A few years back, someone at a shop I frequented gave me a lengthy complaint about her kids regulating what she was permitted to give her grandchildren that Christmas. She said they wanted gift cards, outings, or money. So entitled! It incensed her that she couldn’t wrap something up and watch the kids open it. She felt like her children were stealing joy from her. Mid-rant, she switched gears to talk about how cluttered their house was and how many toys her grand kids had. She wanted the joy of giving them something they didn’t know they needed or wanted, but she didn’t see her family’s needs and wants herself.
The only time you can really give someone something that they didn’t know they needed or wanted is when there is a great disparity of wealth and knowledge. Like when your kids are less than five years old.
And thinking there is disparity can originate from either kindness or arrogance. That’s something else in the book “When Helping Hurts.” When you descend upon someone, claiming that you understand their lack and know how to fix it, yet are blind to your own lack—then you cause harm. When I gave books that were important to me, I think I made the gift about me instead of about the recipient. (Next week’s post will talk about receiving.)
You can donate year-end gifts to reduce your tax liability, or you can donate out of compassion. The motive affects you, but it does matter to God as well. You can give because you feel obligated, because you want to receive thanks, or because you know what they need and what will improve their life. And, for all of you who give well—you can give because you love. You give because you want to. The recipient still gets the gift.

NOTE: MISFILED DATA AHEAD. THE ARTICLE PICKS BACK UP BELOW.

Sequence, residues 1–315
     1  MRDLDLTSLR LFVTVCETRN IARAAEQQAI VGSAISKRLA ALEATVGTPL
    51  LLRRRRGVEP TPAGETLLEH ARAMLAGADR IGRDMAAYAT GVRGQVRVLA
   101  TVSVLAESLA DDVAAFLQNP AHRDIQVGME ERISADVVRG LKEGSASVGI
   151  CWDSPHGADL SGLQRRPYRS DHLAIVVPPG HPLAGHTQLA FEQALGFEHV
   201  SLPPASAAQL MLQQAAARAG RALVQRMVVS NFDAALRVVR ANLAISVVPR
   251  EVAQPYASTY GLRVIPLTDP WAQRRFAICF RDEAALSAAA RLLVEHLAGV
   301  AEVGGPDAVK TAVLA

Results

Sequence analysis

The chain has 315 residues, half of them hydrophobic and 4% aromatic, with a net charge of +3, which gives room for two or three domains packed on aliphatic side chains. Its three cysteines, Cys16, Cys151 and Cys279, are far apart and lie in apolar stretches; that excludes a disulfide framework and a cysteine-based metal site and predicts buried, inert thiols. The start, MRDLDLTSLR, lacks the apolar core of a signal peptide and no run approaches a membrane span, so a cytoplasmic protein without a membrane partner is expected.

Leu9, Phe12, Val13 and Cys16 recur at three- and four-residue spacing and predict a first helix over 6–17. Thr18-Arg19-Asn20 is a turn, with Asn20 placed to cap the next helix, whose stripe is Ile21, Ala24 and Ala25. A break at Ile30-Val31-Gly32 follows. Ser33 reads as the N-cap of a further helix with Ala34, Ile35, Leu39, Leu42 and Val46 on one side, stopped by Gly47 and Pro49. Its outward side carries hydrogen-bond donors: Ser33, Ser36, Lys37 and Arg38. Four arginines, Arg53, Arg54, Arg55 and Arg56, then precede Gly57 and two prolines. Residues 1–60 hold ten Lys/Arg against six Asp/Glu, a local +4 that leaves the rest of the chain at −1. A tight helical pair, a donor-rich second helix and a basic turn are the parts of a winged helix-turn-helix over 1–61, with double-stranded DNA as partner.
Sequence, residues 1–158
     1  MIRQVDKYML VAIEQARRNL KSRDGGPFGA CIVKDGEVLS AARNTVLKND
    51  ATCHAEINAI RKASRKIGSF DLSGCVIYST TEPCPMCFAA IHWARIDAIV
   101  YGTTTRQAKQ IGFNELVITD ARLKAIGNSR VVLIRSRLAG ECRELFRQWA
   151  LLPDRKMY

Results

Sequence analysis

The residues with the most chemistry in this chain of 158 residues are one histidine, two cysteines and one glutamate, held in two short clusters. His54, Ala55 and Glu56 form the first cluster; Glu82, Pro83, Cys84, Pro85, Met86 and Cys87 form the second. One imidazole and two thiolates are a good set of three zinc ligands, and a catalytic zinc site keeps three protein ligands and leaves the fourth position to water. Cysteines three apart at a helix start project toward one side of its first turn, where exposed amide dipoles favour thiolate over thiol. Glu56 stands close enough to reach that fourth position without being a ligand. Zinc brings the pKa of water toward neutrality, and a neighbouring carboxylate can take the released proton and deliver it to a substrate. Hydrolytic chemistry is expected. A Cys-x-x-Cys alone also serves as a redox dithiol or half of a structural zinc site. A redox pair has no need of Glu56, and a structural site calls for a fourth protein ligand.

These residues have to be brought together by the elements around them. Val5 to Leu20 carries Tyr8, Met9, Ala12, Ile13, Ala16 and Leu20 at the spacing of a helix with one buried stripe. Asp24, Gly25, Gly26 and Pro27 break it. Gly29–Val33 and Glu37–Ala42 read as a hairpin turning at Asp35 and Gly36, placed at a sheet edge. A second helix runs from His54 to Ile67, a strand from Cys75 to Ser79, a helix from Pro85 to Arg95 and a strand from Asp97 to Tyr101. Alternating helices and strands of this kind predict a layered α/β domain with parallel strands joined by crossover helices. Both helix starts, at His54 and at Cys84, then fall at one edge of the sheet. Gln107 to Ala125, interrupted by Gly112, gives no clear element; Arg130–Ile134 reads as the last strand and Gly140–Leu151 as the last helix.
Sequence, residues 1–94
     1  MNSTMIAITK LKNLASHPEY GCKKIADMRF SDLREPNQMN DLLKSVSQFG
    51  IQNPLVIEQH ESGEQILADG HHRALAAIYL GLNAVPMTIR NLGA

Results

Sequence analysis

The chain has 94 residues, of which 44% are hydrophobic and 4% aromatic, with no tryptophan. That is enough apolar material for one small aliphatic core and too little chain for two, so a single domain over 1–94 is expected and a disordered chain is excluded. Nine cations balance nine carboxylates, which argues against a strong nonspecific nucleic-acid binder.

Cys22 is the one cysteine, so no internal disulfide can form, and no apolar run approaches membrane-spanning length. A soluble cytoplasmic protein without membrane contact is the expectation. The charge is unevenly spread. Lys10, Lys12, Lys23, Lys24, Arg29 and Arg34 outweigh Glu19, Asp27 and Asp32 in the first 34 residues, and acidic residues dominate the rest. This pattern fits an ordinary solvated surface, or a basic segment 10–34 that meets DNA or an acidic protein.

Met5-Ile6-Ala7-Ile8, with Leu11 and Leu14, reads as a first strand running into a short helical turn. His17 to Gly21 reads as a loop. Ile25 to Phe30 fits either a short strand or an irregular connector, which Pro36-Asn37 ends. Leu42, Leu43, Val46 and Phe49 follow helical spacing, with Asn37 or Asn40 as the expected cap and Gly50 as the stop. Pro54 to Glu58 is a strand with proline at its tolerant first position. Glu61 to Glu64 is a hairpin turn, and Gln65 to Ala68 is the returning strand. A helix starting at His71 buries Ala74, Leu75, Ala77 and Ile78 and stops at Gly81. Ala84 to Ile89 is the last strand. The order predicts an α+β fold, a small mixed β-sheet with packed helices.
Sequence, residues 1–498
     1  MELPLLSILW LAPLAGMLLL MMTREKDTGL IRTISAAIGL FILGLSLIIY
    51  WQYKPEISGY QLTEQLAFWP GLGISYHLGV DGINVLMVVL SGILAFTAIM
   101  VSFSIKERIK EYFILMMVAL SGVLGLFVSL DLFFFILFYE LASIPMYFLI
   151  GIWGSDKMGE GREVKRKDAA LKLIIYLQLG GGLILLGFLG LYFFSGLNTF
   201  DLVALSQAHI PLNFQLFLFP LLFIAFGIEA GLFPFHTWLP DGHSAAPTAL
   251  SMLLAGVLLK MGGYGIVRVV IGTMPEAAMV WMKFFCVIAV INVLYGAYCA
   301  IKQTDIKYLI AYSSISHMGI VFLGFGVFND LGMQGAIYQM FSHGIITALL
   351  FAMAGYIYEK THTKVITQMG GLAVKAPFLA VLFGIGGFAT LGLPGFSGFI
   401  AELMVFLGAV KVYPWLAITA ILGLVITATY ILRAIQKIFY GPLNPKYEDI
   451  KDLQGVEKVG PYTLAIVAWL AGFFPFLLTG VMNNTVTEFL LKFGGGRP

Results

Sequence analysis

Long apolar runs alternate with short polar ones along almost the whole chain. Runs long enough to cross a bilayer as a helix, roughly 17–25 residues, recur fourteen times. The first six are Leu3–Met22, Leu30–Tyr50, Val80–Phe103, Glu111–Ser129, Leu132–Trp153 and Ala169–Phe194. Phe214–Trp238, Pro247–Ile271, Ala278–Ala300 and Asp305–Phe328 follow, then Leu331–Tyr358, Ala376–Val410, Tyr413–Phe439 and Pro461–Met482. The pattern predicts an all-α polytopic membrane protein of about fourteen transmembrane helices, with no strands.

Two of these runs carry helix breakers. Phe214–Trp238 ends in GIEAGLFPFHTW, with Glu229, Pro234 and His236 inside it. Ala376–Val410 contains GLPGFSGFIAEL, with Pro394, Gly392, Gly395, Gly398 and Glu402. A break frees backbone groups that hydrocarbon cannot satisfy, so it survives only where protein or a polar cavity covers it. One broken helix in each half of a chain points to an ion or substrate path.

Giving without control
We had a youth pastor as a friend who mentioned that he never gave to his own ministry. He said if he did, he would still have control over the money. He believed the point of tithing was to relinquish control of your money because it is humbling to let power leave your hands and to say to God that he is more valuable to you.
Giving gifts is like that. If you give, the recipient doesn’t have to treasure it. They don’t have to thank you. They can sell it and spend it on riotous living. If you are concerned that the gift will be spent on cheap thrills and fast food, don’t give it. Because once you have handed it over…it’s theirs to re-gift, discard or put on a shelf. The difference your motive makes takes place inside of you. There is nothing wrong with the simple motivation of tradition. But since I will always have a motive, I want to check it honestly.
And sometimes gift giving includes paying for something you don’t value or want spend money on, because it is what the other person really wants.